The set design by James Ogden resembles that of Actor’s Express’s recent "The Crucible." The two halves of the audience face one another across a playing space with tree branches suspended above. Panels behind the audience and tree trunks at either end of the auditorium add to the bosky feel. The porch of a ramshackle shack appears at the end of the playing area for the first and third acts; in the second act, a crude cage of small branches replaces it. Three stumps and an ever-present campfire are permanent fixtures of the set. André C. Allen’s lighting nicely suggests different times of day, albeit with some odd streaks of light on the drop behind the shack.

Suzanne Cooper Morris’ props and Elizabeth Rasmusson’s costumes do a good job of suggesting the Civil War time period, although some shoes are wildly out of period. Since a couple of pairs of shoes are taken off during the course of the play, it’s disconcerting when they have modern soles, styling, and laces. Of course, the script tosses in modern expressions here and there, so perhaps this is part of an overall aesthetic mandated by the playwright.

Jake K. Harbour’s sound design works well, although the songs that start and end most of the acts are very repetitious in melody and act mostly as bookends to let the audience know when an act is complete. Anything adding to the length of an already-long performance needs to be carefully considered.

Director Martin Damien Wilkins has blocked the action to make good use of the stage, with neither side of the audience unfairly deprived of good sightlines for long periods of time. He has also elicited good performances out of all the actors, although some performances are more successful than others. Meagan Dilworth can’t make all her expository dialogue sound totally natural, while Brittany Inge’s Penny hits true notes throughout her performance. Rob Cleveland puts forth a strong performance, as expected, and Evan Cleaver fills the lead role with stolid dependability. Bryan Davis and Richard McDonald both shine in the second act, and Jason-Jamal Ligon brings a bit of goofy brightness to the third act. Best of all, though, is Marcus Hopkins-Turner, whose physicality, vocal power, line readings, and facial expressions deftly limn a character who has been woefully mistreated by life, but whose resentments have fueled his determination to achieve some sort of happiness.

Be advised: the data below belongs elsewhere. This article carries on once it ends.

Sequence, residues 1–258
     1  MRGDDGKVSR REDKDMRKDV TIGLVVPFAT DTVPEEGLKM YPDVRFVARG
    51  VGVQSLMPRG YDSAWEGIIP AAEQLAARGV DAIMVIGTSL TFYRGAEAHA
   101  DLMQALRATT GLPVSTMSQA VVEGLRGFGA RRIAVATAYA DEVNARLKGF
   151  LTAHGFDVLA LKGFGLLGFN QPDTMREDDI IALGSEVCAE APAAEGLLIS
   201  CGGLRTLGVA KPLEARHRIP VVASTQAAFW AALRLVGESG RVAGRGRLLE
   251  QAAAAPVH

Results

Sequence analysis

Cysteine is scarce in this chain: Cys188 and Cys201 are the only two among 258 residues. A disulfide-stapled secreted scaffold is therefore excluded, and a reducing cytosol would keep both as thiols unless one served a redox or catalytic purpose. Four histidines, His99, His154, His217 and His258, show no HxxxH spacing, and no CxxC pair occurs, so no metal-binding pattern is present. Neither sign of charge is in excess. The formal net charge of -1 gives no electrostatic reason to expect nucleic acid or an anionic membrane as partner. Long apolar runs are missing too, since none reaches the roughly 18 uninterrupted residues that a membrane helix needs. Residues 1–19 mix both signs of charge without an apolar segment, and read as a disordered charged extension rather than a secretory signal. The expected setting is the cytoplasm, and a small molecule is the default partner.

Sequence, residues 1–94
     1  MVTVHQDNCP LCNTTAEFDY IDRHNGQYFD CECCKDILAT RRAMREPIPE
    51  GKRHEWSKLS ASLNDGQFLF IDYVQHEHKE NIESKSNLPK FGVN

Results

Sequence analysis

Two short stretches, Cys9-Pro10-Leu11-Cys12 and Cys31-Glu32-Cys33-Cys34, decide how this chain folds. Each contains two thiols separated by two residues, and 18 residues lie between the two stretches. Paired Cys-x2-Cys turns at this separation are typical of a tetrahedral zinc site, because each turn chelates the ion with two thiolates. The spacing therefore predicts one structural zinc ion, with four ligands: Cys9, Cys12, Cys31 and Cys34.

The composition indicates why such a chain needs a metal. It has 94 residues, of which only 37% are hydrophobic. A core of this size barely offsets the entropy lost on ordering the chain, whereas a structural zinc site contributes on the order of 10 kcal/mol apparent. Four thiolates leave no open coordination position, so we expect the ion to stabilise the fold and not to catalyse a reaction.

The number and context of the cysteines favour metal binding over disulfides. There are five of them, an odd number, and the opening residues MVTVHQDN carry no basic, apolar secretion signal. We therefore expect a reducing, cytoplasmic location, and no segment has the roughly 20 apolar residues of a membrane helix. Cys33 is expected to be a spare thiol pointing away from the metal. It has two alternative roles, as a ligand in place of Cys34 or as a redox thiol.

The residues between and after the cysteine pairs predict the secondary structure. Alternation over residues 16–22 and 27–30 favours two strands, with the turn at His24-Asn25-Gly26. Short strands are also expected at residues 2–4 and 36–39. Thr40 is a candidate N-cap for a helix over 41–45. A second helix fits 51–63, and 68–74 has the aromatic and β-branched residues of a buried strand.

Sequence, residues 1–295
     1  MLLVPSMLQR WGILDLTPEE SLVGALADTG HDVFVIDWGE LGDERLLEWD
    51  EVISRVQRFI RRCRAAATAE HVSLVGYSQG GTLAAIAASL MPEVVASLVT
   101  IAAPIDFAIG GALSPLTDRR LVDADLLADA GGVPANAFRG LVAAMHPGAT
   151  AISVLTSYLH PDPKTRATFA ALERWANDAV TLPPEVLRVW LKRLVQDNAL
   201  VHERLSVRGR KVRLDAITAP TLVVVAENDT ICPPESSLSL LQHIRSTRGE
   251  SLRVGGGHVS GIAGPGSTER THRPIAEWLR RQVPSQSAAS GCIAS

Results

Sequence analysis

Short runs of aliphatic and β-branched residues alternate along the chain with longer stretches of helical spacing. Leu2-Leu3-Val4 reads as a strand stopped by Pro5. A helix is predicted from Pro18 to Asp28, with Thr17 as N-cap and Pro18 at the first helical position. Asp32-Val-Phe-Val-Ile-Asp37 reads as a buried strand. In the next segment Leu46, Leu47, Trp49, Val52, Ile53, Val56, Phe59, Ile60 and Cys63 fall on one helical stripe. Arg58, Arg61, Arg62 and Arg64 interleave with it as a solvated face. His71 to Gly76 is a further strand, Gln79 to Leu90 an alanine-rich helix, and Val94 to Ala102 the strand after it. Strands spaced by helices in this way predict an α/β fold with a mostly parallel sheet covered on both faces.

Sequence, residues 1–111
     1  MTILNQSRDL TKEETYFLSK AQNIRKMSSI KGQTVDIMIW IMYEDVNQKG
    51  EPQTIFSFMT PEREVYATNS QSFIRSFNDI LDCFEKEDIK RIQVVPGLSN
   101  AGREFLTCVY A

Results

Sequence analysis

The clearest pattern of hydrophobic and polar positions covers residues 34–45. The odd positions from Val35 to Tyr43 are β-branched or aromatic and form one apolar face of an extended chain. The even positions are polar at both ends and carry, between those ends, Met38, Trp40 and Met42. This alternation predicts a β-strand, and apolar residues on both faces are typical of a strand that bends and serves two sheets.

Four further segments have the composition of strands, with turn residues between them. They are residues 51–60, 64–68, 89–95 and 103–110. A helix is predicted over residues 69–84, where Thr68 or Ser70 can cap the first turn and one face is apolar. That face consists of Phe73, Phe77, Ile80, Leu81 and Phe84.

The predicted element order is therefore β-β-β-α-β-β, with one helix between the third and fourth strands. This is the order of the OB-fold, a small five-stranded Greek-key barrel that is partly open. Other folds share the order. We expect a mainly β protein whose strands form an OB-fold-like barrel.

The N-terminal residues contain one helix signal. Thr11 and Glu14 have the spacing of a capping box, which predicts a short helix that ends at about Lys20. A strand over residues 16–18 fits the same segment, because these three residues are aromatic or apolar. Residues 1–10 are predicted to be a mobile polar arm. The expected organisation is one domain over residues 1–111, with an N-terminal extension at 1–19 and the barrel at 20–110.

Suzan-Lori Parks is an important contemporary American playwright, and her play attempts to address big issues of race and self-determination. It’s just so all-fired BIG, though, that it tends to come across as a big lump of "theatre that is good for you." The entertainment factor diminishes as the play goes on and on. The play is worthwhile to see, but an abbreviated version of it might be more successful, much as Ms. Parks’ diffuse and lengthy "The America Play" morphed into the more focused "Topdog/Underdog." [POST A COMMENT REGARDING THIS REVIEW]